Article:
Phlebolymphology N°85 – Editorial
In this issue, Michel Perrin reviews the evidence–or the lack of thereof–for treatment of recurrent or residual varicose veins after previous treatment (PREsence of VArices after operatIve Treatment [PREVAIT]). Duplex ultrasound is essential for determining an adequate therapeutic approach. Several treatment methods have been reported, of which foam sclerotherapy is becoming the most popular. Unfortunately, the vast majority of available studies on surgical treatment, thermal ablation, or chemical ablation only report short-term results up to 1 year after the procedure. More prospective studies are definitely needed.
Giovanni Mosti sheds light on compression after treatment of varicose veins and superficial venous reflux. At the thigh, it is particularly difficult to exert efficacious compression on the treated great saphenous vein (GSV) by means of elastic stockings. To reduce postoperative pain and bruising, additional eccentric compression devices, or even inelastic bandages, may be required. Unfortunately, the studies available, so far, are not sufficient to draw definitive conclusions, but in cases with more extensive disease, compression may certainly be beneficial.
Tsoukanov et al reports on a selected, small group of 26 female patients with a Clinical, Etiological, Anatomical, Pathophysiological (CEAP) classification of C0s who did not have reflux in the GSV according to duplex ultrasound investigation in the morning, but developed at least a segmental reflux in the GSV when reexamined in the evening. The effect of micronized purified flavonoid fraction (MPFF) was studied in these particular patients. Tsoukanov’s interesting preliminary findings certainly warrant further investigation.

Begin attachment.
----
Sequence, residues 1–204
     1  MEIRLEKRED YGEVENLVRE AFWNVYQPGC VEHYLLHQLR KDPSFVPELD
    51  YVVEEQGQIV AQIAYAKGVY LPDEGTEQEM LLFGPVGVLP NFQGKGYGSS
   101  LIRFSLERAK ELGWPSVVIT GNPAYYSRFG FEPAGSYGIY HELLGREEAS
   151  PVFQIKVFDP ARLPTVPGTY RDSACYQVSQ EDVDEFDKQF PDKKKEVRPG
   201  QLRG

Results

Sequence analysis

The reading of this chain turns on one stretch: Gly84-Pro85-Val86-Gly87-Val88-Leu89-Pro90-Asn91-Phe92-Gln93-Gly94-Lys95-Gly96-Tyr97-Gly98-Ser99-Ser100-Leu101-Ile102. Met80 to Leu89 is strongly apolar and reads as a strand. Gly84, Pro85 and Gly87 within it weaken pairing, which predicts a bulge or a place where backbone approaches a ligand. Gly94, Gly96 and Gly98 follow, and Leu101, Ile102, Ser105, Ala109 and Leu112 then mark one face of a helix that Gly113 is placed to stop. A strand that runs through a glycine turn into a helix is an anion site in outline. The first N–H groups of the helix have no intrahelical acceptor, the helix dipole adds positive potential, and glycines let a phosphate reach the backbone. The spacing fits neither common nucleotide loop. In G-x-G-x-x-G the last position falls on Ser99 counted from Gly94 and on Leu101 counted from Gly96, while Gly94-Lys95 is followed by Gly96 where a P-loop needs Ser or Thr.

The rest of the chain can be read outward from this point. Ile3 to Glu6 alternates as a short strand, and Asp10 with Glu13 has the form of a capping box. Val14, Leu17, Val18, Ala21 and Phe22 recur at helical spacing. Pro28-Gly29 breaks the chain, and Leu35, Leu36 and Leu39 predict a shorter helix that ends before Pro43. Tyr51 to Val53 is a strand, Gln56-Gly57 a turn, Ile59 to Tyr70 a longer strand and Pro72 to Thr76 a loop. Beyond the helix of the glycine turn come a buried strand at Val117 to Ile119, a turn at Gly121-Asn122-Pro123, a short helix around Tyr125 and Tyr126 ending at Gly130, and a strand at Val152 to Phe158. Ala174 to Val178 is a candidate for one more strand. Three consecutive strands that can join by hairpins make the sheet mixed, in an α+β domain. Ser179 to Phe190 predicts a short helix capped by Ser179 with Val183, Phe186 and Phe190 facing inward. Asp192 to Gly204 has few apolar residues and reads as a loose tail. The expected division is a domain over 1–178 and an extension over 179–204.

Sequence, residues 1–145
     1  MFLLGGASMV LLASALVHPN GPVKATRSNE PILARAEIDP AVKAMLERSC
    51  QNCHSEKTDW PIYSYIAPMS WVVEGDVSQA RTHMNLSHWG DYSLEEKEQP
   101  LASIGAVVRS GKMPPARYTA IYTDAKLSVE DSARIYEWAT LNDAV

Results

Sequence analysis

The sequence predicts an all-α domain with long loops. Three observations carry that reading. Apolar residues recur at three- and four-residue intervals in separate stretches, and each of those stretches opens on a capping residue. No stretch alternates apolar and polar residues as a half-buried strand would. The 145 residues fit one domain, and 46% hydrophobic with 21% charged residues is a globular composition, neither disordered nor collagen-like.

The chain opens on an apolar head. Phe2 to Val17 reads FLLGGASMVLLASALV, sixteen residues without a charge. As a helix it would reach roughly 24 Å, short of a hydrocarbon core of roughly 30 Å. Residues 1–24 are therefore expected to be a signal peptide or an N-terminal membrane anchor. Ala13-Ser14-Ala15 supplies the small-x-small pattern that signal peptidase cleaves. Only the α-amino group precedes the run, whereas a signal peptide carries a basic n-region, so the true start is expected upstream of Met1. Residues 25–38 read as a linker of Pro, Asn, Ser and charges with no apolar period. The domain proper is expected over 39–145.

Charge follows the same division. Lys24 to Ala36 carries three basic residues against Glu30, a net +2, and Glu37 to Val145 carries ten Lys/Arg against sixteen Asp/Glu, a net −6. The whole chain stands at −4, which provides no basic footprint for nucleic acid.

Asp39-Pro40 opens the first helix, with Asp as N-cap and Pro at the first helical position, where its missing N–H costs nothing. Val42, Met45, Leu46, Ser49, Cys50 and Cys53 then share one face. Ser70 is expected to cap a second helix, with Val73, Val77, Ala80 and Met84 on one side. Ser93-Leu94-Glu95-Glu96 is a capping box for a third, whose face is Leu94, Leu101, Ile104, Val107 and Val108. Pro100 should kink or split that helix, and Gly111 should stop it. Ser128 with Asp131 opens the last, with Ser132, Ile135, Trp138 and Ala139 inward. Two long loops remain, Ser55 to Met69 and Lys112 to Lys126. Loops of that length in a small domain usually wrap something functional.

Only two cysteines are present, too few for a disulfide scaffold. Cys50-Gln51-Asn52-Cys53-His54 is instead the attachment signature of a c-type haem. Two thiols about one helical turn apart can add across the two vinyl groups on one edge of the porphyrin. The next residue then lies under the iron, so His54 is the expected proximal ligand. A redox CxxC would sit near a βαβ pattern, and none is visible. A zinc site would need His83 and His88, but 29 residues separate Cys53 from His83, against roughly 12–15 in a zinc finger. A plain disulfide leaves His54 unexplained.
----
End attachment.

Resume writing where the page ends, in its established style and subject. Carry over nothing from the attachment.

With the increasing frequency of long-haul flights, physicians receive many questions about the risk for developing venous thromboembolism (VTE). Michèle Cazaubon reviews the current knowledge on this subject and summarizes recommendations for clinical practice. Whereas some general rules are applicable to all air travelers, some additional measures may be required for selected travelers who are at intermediate or high risk of developing a VTE. These measures mainly consist of medical elastic compression stockings and/or pharmacologic thromboprophylaxis. Cazaubon illustrates the whole theme very well with a challenging clinical case.
Robert Launois explains the importance of measuring methods to evaluate quality of life (QOL) in patients with chronic venous disorders. Before being used in clinical trials, QOL tools should be constructed carefully, with a vocabulary that is understandable for most patients. The scale used should be as reliable as possible. Furthermore, these QOL tools need to be extensively validated, and revalidated, when translated into different languages. Generic QOL tools should always be used in addition to disease-specific QOL tools for scientific studies and audits.
Enjoy reading this issue!
Marianne De Maeseneer